Abdul Raoof Pallipparambil, a financial adviser passionate about social work, is making a difference in society by spreading awareness of government schemes in India and promoting financial literacy among Indian expatriates.
Better known as Raoof Kondotty, he is a familiar face in discussions about welfare schemes offered by India’s central and state governments. He has 400 seminars to his credit and also volunteers with various organisations to raise awareness and help the needy benefit from such schemes. These are in addition to regularly attending TV and radio programmes and writing for newspapers.
Raoof is usually busy holding awareness seminars and discussions, preparing notes, sharing expert opinions and monitoring schemes meant for expatriates’ welfare.
“Expatriates in India often allege a raw deal from the authorities back home instead of benefiting from the existing schemes. I did an initial study in 2014-2015 and found that the utilisation rate of expatriate welfare funds was very poor. I found a lack of resource persons whom the needy could approach to get guidance while applying for government assistance. I then decided to intervene and various organisations helped me reach the expatriates while making them aware of the issue,” Raoof said.
He informed that the utilisation rate of funds offered through some schemes by the Kerala state government in India, for instance, reached 96% following intensive awareness campaigns.
If a scheme is announced and the draft is prepared, Raoof volunteers to keep a close watch on the same and come up with suggestions. When the scheme is launched, he understands the mechanism of how to avail of it and prepares a note that is shared in seminars and through his social media accounts, where the messages are circulated among thousands.
“Completing the application for assistance is quite simple,” he said. But lack of awareness prevents people from doing so and this often leads to the wrong notion that accessing government schemes is a tough job, he added.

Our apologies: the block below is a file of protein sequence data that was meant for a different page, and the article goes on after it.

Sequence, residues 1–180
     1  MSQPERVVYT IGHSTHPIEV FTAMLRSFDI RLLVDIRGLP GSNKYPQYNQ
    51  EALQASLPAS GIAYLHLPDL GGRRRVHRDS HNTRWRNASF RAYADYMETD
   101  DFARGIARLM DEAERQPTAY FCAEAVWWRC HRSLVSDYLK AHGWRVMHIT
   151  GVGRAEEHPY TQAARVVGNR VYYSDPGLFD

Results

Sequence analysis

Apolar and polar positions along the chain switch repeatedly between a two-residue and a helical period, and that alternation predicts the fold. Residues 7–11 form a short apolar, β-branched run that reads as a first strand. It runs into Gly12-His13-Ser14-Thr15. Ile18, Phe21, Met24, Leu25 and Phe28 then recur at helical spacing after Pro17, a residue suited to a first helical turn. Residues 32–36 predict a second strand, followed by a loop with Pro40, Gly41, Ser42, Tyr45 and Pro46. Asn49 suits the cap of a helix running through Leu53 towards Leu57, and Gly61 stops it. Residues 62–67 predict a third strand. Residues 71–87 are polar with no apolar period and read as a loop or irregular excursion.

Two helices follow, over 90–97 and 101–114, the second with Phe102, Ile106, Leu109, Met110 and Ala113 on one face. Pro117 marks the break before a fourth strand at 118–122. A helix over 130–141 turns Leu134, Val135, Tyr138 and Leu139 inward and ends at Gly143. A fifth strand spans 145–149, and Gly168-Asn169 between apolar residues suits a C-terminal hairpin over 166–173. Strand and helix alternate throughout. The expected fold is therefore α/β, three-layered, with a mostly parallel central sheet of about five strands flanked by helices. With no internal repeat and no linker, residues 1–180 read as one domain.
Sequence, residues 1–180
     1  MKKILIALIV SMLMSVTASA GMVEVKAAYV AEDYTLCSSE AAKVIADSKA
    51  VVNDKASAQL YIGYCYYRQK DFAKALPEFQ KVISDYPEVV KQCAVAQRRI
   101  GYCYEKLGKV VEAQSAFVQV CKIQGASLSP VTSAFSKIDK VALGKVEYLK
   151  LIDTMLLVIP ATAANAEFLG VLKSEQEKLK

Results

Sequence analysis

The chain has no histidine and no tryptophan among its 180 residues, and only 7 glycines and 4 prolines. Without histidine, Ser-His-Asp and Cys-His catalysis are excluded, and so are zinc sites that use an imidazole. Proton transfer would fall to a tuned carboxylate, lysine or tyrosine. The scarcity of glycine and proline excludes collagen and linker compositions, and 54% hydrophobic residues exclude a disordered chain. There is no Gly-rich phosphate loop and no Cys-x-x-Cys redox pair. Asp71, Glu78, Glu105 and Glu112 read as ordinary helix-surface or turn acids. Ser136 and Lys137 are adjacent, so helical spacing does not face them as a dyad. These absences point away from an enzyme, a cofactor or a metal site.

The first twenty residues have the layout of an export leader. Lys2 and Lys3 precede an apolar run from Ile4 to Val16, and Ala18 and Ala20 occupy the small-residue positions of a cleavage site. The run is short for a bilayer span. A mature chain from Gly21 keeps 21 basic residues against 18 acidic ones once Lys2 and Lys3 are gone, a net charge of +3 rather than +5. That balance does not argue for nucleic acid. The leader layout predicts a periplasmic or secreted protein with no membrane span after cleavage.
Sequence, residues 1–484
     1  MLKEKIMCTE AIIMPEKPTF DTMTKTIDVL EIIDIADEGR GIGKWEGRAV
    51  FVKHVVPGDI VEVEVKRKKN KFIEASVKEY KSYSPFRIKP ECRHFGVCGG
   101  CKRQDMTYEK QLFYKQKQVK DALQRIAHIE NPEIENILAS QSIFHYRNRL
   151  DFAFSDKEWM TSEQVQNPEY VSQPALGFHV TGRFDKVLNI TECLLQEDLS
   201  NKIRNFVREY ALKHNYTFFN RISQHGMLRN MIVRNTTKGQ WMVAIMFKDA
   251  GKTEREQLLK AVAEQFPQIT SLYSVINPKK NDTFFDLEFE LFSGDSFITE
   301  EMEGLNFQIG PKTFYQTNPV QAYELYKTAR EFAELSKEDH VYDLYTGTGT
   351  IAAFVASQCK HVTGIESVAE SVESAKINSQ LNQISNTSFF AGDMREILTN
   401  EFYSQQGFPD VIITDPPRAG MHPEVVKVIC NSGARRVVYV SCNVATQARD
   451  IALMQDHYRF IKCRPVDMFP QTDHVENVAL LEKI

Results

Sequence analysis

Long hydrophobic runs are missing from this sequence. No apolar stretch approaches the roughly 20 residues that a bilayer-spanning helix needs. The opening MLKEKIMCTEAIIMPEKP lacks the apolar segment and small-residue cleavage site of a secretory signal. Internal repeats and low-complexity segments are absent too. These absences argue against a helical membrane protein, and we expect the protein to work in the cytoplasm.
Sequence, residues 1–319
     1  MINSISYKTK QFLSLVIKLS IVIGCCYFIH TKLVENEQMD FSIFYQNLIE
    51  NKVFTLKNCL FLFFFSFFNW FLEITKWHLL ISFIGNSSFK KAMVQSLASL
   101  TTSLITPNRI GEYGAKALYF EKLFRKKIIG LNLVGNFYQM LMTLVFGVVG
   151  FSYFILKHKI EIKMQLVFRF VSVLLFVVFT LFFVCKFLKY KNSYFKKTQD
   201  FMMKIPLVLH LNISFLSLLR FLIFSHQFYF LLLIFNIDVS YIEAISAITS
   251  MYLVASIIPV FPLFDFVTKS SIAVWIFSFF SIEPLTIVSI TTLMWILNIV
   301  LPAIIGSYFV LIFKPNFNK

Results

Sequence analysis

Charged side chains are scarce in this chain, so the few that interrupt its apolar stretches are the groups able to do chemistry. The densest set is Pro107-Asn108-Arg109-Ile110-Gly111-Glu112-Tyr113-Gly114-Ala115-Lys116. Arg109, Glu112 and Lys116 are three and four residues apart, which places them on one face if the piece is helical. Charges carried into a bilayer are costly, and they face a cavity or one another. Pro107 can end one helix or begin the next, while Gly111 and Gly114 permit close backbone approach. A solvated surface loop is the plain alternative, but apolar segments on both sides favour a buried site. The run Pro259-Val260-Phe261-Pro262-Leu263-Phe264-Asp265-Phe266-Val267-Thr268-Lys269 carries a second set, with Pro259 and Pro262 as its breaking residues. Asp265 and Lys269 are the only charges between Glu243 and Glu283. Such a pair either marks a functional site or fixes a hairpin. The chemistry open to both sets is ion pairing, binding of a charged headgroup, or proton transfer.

Raoof attends several calls a day from early in the morning, talking to expatriates about the steps involved in making various applications or securing certificates. What he gets in return are ‘thank you’ calls or voice messages from people, noting that their requirements were fairly met.
Raoof has a habit of carefully monitoring anything that is announced by the central and state governments in India for the welfare of the Indian diaspora. Sources in miniseries and government departments often help him obtain data related to various schemes. “I study the proposed bills and make my suggestions. Also, I listen to what transpires at the sessions of the Indian Parliament and state assemblies when discussions are held or issues are raised about expatriate welfare. Anything related to expat welfare enthuses me,” he said.
Raoof’s passion for service was instilled in the 1980s when his father Ahmed Kutty wanted his children to help local residents fill up applications for ration cards and school admission.
A schoolteacher at Thurakkal village in Malappuram district of Kerala, Raoof’s father also worked as an Imam in a nearby mosque and as a teacher at a madrasa. “He wanted to make a change while helping people. I started to learn from him while I was 10 years old,” he recalled.
Raoof is also an expert on Qatar’s labour law and has completed various online courses from the International Organisation for Migration, International Labour Organisation and World Bank. An expert on the Global Compact for Migration, he has actively pursued issues faced by air passengers and spread awareness about Customs rules and passenger compensations while giving inputs for government budgets on expatriate welfare.
Participating in activities of organisations affiliated to the Indian embassy in Qatar, he has received several recognitions. These include Best Social Worker Award in the Indian community, a special appreciation award from the Non-Resident Keralites Affairs (Norka) department of the Kerala government, Best Social Worker Award in the Kerala community and Best Expat Welfare Activist award by the Global Educational Organisation.
He is a member of Loka Kerala Sabha and the Indian Community Benevolent Forum sub-committee for insurance, a convener of the Norka helpline in Qatar, country head of Pravasi Legal Cell and organising secretary of the Gulf Air Passengers’ Association.